Session Date: January 6 , 2021
Stephen Scholand, MD; Infectious Disease Physician, Midstate Medical Center
Emma Kaplan-Lewis, MD; Clinical Quality Director HIV Services, NYC Health + Hospitals
Dr. Durrance, MD; Pulmonologist, NYC Health + Hospitals
To view the infographics in the presentation, visit: https://www.bmj.com/infographics
To view the specific Long Hauler infographic, visit: https://www.bmj.com/content/370/bmj.m3026/infographic
Below are some answers to questions posed during the session (posted 1/11/21, information may have been updated since posting):
If COVID antibodies are present, at what level does it reduce risk of reinfection among long haulers and their capacity to transmit to others? Should they receive the vaccine if it is over 6-8 months after they recovered from acute and subacute phases?
This is currently being evaluated and is not entirely known. antibody profiles don’t seem to be different in long haulers compared to other people who have recovered from COVID. There is one hypothesis that autoantibodies in the aftermath of severe covid may be leading to the long hauler symptoms (https://www.medrxiv.org/content/10.1101/2020.12.10.20247205v3), and a preprint study showed increased autoantibody reactivity among people recovering from COVID, however in my personal opinion this may just reflect the significant endothelial activation and dysfunction in severe COVID which would make the chance of having autoantibodies in the convalescent period more likely (similar to how HIV is associated with autoantibodies- both related to immune dysfunction as well as endothelial dysfunction). We do know that having antibodies after COVID greatly reduces the risk of reinfection (https://www.nejm.org/doi/full/10.1056/NEJMoa2034545) and a study of healthcare workers showed those who were antibody negative for anti spike IGG had PCR + test rate of 1.09/10,000 days at risk compared to 0.13/10,000 for those who were antibody positive. Because antibodies tend to last approximately 3 months ( if not longer) I believe it makes sense to vaccinate long haulers the same as any other individual at approximately 3 mo from the incident infection. If it is less than 3 months and there is concern for lost to follow up I would recommend vaccinating the patient as long as it has been at least 3 weeks from the most acute symptoms to avoid missing the opportunity.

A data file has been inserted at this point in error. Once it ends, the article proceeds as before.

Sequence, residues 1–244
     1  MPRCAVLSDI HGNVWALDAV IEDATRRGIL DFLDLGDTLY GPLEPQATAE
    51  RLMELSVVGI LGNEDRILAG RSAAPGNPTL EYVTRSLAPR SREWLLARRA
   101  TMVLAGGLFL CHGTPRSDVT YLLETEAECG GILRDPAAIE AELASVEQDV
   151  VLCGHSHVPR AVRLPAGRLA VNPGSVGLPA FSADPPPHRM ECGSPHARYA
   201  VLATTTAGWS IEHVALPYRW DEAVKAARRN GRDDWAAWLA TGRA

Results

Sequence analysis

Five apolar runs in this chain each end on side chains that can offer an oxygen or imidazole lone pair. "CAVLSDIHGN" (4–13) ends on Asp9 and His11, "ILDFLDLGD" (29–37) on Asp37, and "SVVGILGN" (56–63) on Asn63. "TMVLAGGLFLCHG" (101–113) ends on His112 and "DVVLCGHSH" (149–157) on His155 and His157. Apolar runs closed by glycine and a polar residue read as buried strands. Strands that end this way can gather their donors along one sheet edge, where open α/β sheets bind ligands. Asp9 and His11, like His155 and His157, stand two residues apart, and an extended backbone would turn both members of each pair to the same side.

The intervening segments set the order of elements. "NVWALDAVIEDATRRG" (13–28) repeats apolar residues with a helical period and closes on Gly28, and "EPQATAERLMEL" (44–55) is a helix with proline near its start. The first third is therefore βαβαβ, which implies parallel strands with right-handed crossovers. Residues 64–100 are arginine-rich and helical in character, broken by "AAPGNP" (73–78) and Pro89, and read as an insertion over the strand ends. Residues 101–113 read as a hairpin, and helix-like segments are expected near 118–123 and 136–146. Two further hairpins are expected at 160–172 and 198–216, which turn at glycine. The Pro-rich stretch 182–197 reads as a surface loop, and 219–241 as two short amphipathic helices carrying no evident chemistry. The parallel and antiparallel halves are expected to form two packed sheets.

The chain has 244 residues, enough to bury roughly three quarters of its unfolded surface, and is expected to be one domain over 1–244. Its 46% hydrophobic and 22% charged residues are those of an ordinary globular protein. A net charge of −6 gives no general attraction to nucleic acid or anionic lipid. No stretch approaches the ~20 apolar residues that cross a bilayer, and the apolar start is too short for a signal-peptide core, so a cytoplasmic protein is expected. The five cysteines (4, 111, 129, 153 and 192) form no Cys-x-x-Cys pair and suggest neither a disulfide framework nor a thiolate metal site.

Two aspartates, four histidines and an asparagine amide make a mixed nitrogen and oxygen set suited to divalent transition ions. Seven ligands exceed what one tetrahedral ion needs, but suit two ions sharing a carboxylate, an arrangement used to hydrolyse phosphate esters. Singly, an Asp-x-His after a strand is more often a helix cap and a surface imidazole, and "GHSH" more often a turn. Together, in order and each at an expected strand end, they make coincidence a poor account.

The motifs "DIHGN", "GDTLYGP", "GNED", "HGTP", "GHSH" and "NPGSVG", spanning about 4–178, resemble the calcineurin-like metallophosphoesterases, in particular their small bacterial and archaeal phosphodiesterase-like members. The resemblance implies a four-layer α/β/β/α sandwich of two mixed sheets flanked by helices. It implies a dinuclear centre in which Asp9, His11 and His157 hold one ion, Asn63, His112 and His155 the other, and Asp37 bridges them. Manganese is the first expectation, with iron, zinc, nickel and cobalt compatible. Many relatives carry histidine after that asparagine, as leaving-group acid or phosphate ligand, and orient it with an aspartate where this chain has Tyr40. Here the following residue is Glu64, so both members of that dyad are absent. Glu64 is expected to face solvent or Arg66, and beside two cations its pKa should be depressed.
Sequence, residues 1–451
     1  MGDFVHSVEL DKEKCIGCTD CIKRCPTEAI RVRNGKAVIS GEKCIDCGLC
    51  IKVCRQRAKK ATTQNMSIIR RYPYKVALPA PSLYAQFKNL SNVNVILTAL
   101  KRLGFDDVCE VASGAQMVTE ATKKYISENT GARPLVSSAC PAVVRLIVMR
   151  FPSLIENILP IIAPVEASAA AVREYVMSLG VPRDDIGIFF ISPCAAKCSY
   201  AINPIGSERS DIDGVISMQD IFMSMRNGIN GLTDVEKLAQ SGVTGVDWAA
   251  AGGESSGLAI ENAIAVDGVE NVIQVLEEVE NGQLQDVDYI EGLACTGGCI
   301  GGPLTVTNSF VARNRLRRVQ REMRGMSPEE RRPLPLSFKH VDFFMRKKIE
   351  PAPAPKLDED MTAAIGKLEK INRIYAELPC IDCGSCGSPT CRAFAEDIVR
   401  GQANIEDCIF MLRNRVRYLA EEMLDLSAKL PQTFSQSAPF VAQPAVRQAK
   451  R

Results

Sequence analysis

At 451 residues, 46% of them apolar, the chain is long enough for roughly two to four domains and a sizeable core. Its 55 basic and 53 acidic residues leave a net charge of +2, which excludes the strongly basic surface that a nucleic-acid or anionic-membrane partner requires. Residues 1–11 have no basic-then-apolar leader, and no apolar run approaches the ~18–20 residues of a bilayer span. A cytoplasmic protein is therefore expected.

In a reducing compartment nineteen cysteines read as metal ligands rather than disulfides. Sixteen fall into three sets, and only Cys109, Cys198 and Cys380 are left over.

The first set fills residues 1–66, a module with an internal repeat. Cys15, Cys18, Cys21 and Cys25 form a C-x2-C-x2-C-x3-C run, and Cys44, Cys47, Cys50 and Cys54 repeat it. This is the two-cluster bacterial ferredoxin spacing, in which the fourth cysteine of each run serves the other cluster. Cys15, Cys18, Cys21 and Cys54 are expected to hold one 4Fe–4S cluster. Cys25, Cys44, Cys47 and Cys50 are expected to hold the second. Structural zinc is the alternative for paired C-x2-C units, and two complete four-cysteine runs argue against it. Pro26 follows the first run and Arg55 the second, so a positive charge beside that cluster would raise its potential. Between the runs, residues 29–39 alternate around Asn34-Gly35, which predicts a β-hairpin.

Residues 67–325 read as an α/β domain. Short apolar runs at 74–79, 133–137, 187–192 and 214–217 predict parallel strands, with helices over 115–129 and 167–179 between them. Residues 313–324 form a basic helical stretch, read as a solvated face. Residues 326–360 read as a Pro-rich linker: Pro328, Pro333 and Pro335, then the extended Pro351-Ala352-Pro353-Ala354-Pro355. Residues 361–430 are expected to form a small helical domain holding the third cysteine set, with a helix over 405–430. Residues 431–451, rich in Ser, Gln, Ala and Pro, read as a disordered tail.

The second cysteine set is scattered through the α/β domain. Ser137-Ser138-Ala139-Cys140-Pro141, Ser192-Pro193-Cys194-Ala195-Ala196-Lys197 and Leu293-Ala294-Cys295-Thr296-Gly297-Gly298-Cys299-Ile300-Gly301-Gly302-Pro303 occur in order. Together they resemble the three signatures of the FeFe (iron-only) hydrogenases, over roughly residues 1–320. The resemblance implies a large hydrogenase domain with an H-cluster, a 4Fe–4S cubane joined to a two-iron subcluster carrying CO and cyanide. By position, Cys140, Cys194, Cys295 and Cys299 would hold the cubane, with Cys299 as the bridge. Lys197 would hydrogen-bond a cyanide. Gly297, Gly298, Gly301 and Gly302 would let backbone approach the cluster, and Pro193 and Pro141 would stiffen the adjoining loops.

Given the findings of susceptibility to microvascular blood vessel damage in the brains of COVID-19 patients, do we anticipate significantly increased rates of neurocognitive disorders in “recovered” and long-haul patients?
It is hard to say what the long term impact will be neurologically, however it should definitely be on our radar to detect neurocognitive dysfunction- particularly for individuals who had severe covid and especially if they had acute and/or persistent neurocognitive symptoms. We also don’t know what is unique to covid’s impact on cerebral microvasculature in comparison to other viral systemic infections- HIV for example and Varicella both impact microvasculature (and microvasculature) in different ways as well.
Given what we know so far, and in the context of a severe and inflammatory critical illness, it is something that we must keep in the front of our mind during visits. Evidence to this point is observational and retrospective. However, failing to adequately address issues of PTSD, Depression, Anxiety will undoubtedly increase the odds of developing long-term sequelae. While it appears to be intuitive at this time to suspect an increase in neurocognitive dysfunction, the magnitude of what that will be is yet to be determined.
Given these enormous periods of supine positioning and sedentism – are you recommending any preventive in bed strength training( isometrics) and baseline osteoporosis and muscle mass measurements- given expected osteopenia and sarcopenia?
Proning has been used in the hospital setting (either awake or when intubated with a proning team) to help with lung recruitment in severely hypoxic patients. I don’t have any data specifically on this but to me it makes a lot of sense to ambulate early and involve PT and OT early on in the process while patients are hospitalized as well as post discharge including utilizing telehealth with PT/OT. In terms of osteoporosis and sarcopenia I can’t answer in terms of COVID but for my personal practice I would follow routine guidelines for osteoporosis screening unless the patient had been hospitalized/bed ridden for > 1 month and then would see if insurance would cover a baseline DEXA.